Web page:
If you administer a SQL Server Reporting Services server, chances are you’ve had users complain the report manager is loading slow. You go out the report manager to investigate, and it loads normally. You have the end user try again, and this time it works fine for them too. You think about it for a while, and come to the conclusion the end user is crazy, or they had too many spreadsheets open on their PC. Turns out they aren’t crazy, and there is an explanation.
Reporting Services has a configurable setting in the RSReportServer.config file called ‘RecycleTime’. This value is defaulted to 720 minutes. If you leave this setting unchanged, every 12 hours the application domains for SSRS recycle. The first person to access the report manager after the recycle experiences the initial loading of the application domains, and thus the slow response time. The initial thought might be to just set the ‘RecyleTime’ setting to an extremely large value, and that will reduce the occurrence of the issue. This may work short term, but if the app domains aren’t recycled at a somewhat frequent interval, the greater the probability that a server wide issue will arise that affects everyone trying to access the report manager. Microsoft defaults to recycling the application domain so often to keep things happy and healthy, and while this makes for a good end user experience 99% of the time, what to do about that annoying complaint that comes in over your morning coffee? You’ve got to…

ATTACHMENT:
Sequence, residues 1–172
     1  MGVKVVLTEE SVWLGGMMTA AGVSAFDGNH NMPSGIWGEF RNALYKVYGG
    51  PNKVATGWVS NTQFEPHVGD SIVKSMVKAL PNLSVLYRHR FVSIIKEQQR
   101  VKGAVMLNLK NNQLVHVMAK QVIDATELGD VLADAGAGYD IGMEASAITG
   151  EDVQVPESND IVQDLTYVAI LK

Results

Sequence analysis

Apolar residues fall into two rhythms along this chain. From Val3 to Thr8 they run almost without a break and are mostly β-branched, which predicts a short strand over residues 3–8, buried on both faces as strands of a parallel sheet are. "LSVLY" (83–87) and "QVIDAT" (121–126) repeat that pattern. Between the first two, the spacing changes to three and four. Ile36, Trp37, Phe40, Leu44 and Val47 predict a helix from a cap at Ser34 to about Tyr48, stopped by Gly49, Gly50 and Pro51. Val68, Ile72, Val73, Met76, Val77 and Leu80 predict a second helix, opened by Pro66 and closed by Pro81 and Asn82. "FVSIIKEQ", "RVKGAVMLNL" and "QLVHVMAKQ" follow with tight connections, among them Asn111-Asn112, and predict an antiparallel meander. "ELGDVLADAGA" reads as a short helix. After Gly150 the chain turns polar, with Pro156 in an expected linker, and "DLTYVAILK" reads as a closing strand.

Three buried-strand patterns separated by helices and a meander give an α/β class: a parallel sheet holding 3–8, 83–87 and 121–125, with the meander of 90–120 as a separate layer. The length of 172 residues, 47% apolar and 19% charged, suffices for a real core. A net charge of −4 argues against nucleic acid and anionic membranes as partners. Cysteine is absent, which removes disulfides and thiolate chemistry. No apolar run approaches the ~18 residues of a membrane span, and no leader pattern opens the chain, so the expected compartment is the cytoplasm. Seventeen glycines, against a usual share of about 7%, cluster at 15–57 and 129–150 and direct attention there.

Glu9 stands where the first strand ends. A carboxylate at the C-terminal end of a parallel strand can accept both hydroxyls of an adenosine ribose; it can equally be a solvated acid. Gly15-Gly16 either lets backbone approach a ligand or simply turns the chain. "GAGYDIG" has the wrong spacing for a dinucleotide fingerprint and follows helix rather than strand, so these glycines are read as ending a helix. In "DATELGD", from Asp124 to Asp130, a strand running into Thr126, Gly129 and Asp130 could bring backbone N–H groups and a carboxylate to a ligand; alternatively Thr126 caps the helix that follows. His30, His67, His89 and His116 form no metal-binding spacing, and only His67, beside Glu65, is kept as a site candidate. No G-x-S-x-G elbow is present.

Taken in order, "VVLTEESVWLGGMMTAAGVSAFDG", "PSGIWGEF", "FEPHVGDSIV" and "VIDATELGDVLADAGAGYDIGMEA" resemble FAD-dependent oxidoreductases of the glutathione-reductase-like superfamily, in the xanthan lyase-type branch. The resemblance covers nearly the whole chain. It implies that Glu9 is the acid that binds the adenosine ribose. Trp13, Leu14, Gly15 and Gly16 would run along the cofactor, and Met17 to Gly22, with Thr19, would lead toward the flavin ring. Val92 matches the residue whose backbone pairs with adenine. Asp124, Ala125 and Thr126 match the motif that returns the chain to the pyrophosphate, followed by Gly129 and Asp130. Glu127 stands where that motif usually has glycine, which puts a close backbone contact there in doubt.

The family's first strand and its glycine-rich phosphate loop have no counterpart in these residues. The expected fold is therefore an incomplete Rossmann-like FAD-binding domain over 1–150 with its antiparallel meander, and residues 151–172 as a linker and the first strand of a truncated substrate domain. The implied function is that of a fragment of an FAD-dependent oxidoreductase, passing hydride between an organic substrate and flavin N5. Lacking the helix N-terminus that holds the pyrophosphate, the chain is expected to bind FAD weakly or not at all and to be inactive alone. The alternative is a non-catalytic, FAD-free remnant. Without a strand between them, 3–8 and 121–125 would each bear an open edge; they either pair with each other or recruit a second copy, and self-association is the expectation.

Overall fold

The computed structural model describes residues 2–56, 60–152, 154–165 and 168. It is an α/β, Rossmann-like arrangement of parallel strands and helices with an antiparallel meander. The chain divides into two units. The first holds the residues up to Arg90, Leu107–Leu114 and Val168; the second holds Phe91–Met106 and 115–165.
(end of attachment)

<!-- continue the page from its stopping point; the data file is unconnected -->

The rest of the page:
If you’ve ever manually restarted the reporting services service and then gone to make sure the report manager is working, you may have noticed the slow loading phenomenon occurs at this time too. When the reporting services service is restarted, it recycles the application domains as well. This also resets the ‘RecycleTime’ timer, and you’re good for another 12 hours. After fighting this issue for a while, we decided to schedule a job that restarts of the reporting services service outside of business hours, and then sends a web request to the report manager immediately after the service starts. For the web request portion, we used the Powershell solution detailed here: http://www.pawlowski.cz/2011/07/solving-issue-long-starting-report-ssrs-2008/. If you use this solution, remember to set the ‘RecycleTime’ value to something large so that it doesn’t trigger prior to your scheduled job running. We used our enterprise job scheduler to set up the job, but if you don’t have one of those, this could easily be accomplished using Windows task scheduler and the full script provided in the link. How often you schedule this depends on your environment, but once a week seems to do the trick for us.
The featured image for this post is courtesy of: http://epsos.de/Positive-Facts-about-Recycling-and-Waste-Management